have different dissipative characteristics
The following statement I found on a website from a heatsink producer (R-Theta ):
"It has become common practice in the electronics industry to specify the aluminum alloy 6063 or 6061 for finned heatsinks."

This information about thermal conductivity of aluminium alloys I found on another website:

Aluminum (6061)
conductivityW/m*K: 171
density: g/cm(3): 2.6-2.9

Aluminum (6063)
conductivityW/m*K: 193
density: g/cm(3): 2.6-2.9

From that it`s easy to figure that the differences between the commonly used heatsink aluminium alloys are between 10 to 15% of conductivity.
In regard to other (partly more unforseeable) variables (proportions/mounting/arrangement of heatsinks/semiconductors - material of insulation pads - forced convection or not) that`s not too bad and 15% variaton as worst case can be considered when dealing with aluminium heatsinks made from unknown alloy.


Quote:

originally posted by stokessd
This isn't totally without error, but the most simple way I can think of, is to bolt a power resistor to the heat sink, and dump a known amount of power into the resistor.

This will also show you the real world heat sinking capacity of the unit at the point where you want to mount your transistors.

A multimeter and a thermometer should be all the measurement gear you need. You'll either need a DC power supply or a variac to supply the BTUs.
This is exactly what I thought I should do after I got some samples of this unknown surplus heatsinks for inspection (spam, spam...):
http://www.diyvideo.com/forums/showt...threadid=14299

After I have studied and compared datas from various similar heatsinks I came to the conclusion that the effort is not worthwile (moreover I did not want to spoil one and drilling holes for mounting resistors) as in regard to all the other variables which have influence on the ACTUAL thermal dissipation capability of a heatsink/transistor/enclosure arrangement my estimation for the thermal properties of that heatsink is reasonable and accurate enough.

After all even Nelson Pass seems not to do exact calculations from what he said here (when he was not kidding):

Calculations? We don't need no stinkin calculations! We just make them really big!

cocolino 27th April 2003 04:32 PM

Quote:

I bolt a couple of these onto the heatsink and cook in a dewar with non-conducting liquid of known thermal transfer properties, taking measurements of temeperature over time. I guess that at some point the curve will show saturation.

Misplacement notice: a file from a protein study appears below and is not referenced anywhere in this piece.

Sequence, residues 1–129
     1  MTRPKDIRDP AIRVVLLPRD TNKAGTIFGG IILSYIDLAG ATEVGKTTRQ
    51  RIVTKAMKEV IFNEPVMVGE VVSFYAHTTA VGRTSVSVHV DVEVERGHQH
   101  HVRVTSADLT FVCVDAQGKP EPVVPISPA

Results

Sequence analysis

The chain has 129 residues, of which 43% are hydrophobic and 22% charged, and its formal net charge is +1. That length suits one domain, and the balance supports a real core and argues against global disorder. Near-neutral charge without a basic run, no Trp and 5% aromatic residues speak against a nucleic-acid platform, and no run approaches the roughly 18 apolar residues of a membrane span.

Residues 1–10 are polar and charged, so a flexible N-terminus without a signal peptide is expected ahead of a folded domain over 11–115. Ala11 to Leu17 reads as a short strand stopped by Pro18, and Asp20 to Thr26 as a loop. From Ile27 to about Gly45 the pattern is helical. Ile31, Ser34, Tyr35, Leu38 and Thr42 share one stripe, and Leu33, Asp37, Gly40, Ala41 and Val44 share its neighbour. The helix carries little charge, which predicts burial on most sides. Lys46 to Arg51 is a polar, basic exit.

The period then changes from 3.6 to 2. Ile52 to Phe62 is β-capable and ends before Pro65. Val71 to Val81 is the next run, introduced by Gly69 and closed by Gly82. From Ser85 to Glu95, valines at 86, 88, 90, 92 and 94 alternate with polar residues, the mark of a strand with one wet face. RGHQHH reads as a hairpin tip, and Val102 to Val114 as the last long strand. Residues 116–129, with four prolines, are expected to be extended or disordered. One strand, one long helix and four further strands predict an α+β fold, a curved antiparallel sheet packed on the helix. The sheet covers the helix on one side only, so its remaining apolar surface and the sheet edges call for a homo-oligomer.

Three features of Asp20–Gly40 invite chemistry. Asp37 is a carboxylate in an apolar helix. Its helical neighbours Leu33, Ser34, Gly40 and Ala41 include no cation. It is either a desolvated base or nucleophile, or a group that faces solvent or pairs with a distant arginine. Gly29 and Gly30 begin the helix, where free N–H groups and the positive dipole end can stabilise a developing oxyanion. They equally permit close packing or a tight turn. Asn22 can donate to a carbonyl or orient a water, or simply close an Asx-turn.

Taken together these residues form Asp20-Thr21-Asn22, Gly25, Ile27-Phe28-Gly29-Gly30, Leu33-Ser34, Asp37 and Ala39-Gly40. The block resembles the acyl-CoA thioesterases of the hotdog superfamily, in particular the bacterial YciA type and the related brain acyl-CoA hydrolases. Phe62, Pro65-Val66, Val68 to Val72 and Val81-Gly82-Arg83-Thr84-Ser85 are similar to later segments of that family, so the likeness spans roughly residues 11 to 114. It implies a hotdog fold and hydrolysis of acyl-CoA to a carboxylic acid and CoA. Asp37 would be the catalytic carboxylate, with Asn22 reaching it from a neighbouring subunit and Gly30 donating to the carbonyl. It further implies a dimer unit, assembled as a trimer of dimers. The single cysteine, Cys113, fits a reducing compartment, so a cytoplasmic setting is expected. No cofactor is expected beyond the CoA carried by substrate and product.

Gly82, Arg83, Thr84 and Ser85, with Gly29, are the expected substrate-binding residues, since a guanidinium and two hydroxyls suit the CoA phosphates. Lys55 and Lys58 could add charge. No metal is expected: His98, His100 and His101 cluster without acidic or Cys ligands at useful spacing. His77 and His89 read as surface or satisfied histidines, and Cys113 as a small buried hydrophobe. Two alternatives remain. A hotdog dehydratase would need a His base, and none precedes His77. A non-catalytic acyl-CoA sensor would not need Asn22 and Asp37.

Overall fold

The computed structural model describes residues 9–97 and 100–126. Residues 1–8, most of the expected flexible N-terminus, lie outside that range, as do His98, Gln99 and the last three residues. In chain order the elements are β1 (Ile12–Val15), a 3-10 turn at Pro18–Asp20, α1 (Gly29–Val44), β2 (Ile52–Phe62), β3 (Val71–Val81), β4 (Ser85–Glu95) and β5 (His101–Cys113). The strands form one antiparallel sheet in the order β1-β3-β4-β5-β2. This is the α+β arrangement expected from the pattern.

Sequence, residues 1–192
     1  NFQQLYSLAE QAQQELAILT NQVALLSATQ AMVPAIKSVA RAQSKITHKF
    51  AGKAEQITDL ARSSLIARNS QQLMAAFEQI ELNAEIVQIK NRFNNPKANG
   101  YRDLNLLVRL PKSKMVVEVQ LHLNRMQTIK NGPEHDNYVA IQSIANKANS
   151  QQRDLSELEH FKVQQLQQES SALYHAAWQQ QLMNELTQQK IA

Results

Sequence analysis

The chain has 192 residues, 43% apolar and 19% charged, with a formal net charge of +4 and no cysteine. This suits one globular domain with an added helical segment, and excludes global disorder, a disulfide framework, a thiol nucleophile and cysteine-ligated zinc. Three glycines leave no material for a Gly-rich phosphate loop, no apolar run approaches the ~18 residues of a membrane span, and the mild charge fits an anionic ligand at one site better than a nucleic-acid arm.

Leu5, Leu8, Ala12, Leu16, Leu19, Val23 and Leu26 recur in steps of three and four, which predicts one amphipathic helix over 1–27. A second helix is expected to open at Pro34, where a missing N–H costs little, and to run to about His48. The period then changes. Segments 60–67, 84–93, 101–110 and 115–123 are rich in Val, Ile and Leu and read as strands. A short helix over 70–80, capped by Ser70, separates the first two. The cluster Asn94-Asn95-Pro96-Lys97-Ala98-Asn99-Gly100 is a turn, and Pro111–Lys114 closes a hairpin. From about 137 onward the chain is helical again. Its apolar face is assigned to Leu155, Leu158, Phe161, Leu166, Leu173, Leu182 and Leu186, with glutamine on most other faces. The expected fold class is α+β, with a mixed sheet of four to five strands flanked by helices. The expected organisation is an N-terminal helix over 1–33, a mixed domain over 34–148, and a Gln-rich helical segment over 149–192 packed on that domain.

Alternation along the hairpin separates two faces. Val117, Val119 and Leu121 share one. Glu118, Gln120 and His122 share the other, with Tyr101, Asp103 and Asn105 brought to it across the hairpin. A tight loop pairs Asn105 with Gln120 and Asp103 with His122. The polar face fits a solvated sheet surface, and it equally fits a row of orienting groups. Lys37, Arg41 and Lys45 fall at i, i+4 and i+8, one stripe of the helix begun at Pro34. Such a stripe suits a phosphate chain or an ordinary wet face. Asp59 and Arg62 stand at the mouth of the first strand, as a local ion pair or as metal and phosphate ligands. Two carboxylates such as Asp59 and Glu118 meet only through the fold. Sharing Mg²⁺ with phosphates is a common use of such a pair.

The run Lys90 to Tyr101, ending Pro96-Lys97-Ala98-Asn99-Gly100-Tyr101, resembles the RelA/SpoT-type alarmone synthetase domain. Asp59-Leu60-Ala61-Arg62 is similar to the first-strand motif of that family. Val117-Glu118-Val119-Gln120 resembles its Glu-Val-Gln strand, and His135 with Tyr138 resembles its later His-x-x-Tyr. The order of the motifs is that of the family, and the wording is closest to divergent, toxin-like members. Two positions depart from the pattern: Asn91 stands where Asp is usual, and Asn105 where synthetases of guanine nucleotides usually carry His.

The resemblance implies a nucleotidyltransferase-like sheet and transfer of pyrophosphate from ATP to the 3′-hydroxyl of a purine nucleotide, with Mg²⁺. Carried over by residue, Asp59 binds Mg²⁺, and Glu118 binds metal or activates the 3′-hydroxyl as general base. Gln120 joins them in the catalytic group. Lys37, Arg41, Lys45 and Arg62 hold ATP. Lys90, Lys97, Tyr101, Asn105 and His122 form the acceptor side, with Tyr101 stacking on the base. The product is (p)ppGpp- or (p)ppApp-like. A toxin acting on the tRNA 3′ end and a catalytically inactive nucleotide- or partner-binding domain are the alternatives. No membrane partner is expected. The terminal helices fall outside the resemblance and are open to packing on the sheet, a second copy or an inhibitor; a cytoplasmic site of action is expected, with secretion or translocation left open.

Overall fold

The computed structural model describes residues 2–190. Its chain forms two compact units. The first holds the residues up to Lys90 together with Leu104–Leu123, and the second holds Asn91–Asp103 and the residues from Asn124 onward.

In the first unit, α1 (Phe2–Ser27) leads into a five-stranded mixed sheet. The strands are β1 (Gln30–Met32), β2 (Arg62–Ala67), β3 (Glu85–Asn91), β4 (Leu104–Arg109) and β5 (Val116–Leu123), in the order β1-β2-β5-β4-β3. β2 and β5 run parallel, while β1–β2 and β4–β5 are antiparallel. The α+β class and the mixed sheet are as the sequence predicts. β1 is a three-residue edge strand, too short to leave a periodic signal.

jackinnj,

I can follow that it makes perfectly sense to bolt a couple of resistors onto the heatsink and to apply power from a DC power supply (or AC with a Variac) to figure if a heatsinks power dissipation capability suits ones needs.

What I can`t quite understand why You`d want to put that thing into non-conducting liquid?

Why not just measure the surface temperature (after sufficient time until the temperature settled and the heat spreaded evenly) under conditions which come closer to the real application?
To say - in the position in that You want to use it actually and in free air (or with fans attached if You want to use).

Dark Shadow 27th April 2003 04:53 PM

See the follwing link for a stup to test CPU heat-sink:

http://www.overclockers.com/tips263/index02.asp

rikkitikkitavi 27th April 2003 05:01 PM

actually placing the heatsink in a liquid is going to give large measurement errors.

Air is a much worse conductor than any liquid at STP. This means that much of the thermal resistance lies in the boundary air-heatsing. (unless the heatsink is very long, or the heating component is placed in one corner) , but placing it in a liquid , this resistance decreases dramatically-

best is of course test it as close as to the real setup, same contact surface on the heating resistors, same number e t c.

a surface thermometer is also useful, but a small chip temp like LM335 taped to the surface is also useful, but it might be necessary with a small heatinsulating cover insulating it from the surrounding air to prevent measurement errors due to convective cooling from the chip.

I used a thermocouple which gives a fast and accurate response for testing my heatsinks (found datasheets later)

/rickard